cial resource tothose with more professional pursuits, it also provides away for young people to feelconnected and involved withtheir peers through socialnetworking sites such asFacebook and Twitter.“(Also people will come in)if they want to learn how to typeor open their
rst email account,or if they just want to come inand build a resume and other things like job research, cover letters,” said Abdi. “If they wantto set up a Facebook account;if they’ve never done it beforeor try to
gure out how to useYouTube, those are just some of the things we can help with for our clients.”In only a year working atthe center, Abdi said she has been able see the lab positivelyimpact people’s lives.“I had people who came hereand the computer lab helpedthem get a job because they werehere to do their resumes. Thatwas a really good thing to see,”said Abdi.For more information onthe BAP labs visit www.bap.umn.edu.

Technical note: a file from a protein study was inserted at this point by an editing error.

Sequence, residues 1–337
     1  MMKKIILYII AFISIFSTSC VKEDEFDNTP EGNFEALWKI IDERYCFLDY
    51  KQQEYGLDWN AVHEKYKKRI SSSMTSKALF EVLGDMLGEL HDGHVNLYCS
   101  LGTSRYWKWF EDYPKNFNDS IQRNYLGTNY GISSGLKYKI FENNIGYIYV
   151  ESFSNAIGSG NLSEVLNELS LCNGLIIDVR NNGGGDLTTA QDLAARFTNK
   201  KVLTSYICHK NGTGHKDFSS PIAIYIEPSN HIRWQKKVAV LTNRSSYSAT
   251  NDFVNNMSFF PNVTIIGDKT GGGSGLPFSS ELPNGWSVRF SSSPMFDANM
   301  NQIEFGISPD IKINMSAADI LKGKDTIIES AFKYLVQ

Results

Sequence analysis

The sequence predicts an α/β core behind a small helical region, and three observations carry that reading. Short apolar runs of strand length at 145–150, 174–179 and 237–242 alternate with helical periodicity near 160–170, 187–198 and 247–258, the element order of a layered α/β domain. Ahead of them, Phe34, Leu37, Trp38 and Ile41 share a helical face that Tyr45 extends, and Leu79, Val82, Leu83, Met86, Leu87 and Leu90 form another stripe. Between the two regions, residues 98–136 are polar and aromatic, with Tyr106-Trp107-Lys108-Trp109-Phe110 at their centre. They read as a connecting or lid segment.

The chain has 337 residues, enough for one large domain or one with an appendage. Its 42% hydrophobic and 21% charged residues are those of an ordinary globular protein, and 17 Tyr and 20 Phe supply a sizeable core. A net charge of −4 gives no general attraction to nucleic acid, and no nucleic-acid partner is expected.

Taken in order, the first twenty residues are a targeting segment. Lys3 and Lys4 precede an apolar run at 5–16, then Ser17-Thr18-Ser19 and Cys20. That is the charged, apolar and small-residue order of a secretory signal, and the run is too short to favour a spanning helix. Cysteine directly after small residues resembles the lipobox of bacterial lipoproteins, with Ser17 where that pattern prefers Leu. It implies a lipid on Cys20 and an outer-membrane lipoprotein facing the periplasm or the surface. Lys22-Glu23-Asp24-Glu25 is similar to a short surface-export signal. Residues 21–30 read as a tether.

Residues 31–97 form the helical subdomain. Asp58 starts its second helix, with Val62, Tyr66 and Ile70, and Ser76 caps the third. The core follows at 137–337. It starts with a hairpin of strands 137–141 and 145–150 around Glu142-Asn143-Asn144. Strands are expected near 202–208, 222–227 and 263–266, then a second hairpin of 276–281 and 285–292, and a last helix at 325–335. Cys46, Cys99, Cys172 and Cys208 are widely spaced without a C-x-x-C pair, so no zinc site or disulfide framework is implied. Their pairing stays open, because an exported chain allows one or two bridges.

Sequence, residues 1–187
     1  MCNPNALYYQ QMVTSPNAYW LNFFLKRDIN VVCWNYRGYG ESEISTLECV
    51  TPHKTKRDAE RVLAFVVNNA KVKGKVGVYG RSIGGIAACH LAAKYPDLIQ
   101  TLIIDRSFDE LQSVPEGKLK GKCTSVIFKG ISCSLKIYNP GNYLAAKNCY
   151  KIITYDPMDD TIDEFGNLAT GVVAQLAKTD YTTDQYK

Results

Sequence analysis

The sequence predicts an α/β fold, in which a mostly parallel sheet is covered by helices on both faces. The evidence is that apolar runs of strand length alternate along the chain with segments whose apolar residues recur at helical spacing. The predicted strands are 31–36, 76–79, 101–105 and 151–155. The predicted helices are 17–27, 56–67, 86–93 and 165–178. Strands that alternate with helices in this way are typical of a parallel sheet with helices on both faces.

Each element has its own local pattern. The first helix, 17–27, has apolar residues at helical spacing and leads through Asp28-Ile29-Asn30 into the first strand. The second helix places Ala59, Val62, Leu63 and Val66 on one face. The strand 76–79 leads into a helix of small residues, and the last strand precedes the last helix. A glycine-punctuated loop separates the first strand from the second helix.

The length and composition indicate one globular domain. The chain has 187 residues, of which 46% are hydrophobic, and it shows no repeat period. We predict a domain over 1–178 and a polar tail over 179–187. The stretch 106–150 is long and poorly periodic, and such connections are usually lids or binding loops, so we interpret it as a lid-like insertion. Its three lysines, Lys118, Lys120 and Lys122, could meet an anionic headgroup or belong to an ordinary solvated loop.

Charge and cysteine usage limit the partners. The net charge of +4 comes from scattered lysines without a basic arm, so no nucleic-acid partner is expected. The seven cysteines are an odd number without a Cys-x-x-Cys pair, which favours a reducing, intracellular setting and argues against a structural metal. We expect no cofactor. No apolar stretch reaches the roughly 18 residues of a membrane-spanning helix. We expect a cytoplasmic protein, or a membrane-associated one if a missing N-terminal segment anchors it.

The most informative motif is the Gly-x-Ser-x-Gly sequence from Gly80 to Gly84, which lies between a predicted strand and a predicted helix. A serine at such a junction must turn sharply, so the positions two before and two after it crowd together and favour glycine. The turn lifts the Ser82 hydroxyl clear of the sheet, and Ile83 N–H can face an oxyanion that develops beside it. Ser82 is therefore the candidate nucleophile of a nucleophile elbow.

By Britta Anderson
MPH Glendale Computer lab
The Rev. McAfee said he believed a common groundcould have been reached withsupporters of gay marriage, butmembers of the lesbian, gay, bisexual, transgender (LGBT)community refused to meetwith him and other membersof the clergy. “For more thana year (State) Senator (Jeff)Hayden tried to get the twosides together, but they (LGBTleaders) had no interest inmeeting with us.”McAfee said he would haveno opposition to strengtheninglaws in support of civil unions,“But to change the de